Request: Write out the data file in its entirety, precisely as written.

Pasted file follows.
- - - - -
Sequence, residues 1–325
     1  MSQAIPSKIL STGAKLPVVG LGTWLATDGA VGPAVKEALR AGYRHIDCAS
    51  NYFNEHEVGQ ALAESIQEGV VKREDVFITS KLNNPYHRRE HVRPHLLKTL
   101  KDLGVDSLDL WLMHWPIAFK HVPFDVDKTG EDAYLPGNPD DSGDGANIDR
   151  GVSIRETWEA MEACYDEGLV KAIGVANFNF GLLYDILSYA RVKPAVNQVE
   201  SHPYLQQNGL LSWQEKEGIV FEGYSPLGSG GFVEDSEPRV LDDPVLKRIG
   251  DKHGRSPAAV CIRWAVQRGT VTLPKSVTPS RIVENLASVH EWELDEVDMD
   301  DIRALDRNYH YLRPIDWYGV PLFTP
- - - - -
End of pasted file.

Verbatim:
Sequence, residues 1–325
     1  MSQAIPSKIL STGAKLPVVG LGTWLATDGA VGPAVKEALR AGYRHIDCAS
    51  NYFNEHEVGQ ALAESIQEGV VKREDVFITS KLNNPYHRRE HVRPHLLKTL
   101  KDLGVDSLDL WLMHWPIAFK HVPFDVDKTG EDAYLPGNPD DSGDGANIDR
   151  GVSIRETWEA MEACYDEGLV KAIGVANFNF GLLYDILSYA RVKPAVNQVE
   201  SHPYLQQNGL LSWQEKEGIV FEGYSPLGSG GFVEDSEPRV LDDPVLKRIG
   251  DKHGRSPAAV CIRWAVQRGT VTLPKSVTPS RIVENLASVH EWELDEVDMD
   301  DIRALDRNYH YLRPIDWYGV PLFTP